I used Rustoleum Tub and Tile refinishing kits, which I purchased on Amazon. For the tub and shower, it took three of the 1 quart kits to get full coverage on everything.
After three coats of the epoxy paint, the tub and shower were done! I can’t even begin to tell you just how refreshing it was to see the dingy, yellowing cultured marble turned to a clean, bright white. Like I said. It was a lot of work, but so worth it in the end.
Once the shower and bath were painted, I moved on to the vanity counter and sinks. I followed the same steps to prep the area and wiped it with a tack cloth right before I got started.
It took three coats total to paint the vanity counter. I used a foam roller for all of the epoxy paint and a good paint brush for cutting in. The epoxy paint reacts in a bit of a funny way to foam, so the roller swells up a bit and it started to fall apart after the second coat. I’d recommend a new roller in between each coat. You also can’t use foam brushes for this. They almost immediately fall apart.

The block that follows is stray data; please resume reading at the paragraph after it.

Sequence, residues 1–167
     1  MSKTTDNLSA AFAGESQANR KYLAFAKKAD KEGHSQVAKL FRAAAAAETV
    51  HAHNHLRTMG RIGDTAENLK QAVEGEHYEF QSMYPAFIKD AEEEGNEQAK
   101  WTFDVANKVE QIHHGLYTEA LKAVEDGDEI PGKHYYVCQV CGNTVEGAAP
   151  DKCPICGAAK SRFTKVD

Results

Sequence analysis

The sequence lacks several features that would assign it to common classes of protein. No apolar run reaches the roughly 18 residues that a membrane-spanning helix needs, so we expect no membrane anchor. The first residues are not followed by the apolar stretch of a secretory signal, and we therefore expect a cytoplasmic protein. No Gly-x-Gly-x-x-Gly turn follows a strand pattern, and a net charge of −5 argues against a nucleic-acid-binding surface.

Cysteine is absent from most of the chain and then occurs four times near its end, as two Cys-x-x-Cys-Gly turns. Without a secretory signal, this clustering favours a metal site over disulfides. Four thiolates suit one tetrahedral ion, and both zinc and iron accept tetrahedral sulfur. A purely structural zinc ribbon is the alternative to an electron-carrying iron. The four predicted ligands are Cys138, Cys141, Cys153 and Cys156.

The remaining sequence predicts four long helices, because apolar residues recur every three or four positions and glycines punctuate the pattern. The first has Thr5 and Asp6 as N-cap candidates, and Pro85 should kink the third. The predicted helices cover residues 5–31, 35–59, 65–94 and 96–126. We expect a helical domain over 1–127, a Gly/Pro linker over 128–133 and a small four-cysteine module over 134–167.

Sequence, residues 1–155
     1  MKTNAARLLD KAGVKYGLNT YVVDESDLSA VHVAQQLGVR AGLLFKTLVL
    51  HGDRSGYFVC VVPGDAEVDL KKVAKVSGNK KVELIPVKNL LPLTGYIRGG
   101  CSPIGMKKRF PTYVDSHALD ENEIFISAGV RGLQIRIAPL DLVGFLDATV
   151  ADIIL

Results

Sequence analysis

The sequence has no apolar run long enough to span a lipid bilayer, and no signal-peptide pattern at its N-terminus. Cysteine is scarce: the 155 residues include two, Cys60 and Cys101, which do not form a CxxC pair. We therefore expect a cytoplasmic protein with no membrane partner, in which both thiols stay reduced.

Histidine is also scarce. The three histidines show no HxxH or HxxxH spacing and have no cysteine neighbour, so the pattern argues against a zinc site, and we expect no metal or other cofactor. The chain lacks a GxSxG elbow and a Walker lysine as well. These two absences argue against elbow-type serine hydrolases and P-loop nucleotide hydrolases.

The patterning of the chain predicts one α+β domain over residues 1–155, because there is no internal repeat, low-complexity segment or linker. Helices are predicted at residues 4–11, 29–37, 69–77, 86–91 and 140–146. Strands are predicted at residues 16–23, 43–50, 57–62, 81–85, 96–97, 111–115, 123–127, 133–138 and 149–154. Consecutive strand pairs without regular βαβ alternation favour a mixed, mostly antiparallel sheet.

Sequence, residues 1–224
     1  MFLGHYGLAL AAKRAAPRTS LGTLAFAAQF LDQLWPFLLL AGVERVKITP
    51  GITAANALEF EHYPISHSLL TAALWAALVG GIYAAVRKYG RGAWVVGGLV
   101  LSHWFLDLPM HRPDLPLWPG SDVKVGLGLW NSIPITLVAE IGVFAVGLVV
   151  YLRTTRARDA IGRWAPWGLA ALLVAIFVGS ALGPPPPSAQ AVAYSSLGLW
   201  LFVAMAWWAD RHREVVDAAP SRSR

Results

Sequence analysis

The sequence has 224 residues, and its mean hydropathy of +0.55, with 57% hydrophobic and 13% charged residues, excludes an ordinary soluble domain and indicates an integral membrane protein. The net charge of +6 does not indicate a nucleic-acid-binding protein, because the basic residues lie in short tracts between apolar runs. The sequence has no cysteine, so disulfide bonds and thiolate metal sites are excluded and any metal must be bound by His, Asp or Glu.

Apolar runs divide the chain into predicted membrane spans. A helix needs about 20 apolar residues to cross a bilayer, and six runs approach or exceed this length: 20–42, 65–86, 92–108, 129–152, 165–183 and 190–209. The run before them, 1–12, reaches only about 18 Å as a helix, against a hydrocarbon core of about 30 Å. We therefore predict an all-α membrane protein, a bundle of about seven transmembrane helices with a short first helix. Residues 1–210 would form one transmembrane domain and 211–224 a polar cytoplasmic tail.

The epoxy paint only has about a six hour shelf life, also. So once you mix a can, you have to use it during that timeframe or it hardens. There’s also a 3 day curing period that they recommend before you expose the epoxy to running water, so keep that in mind when planning your project.
While I waited on the epoxy to cure at the sinks, I decided to go ahead and fill a hole in the ceiling where I had taken out an old, bent plant hook. I had planned to install a new plant hook there, but ended up changing my mind. I wanted a quick and clean way to patch the hole, and the DAP Eclipse Rapid Wall Repair Patch was just the trick. I smoothed it onto the ceiling (like a sticker) and then painted over the entire thing, which seals in the edges of the patch. You let it dry, then peel off the top of the patch and it then reveals the hole underneath.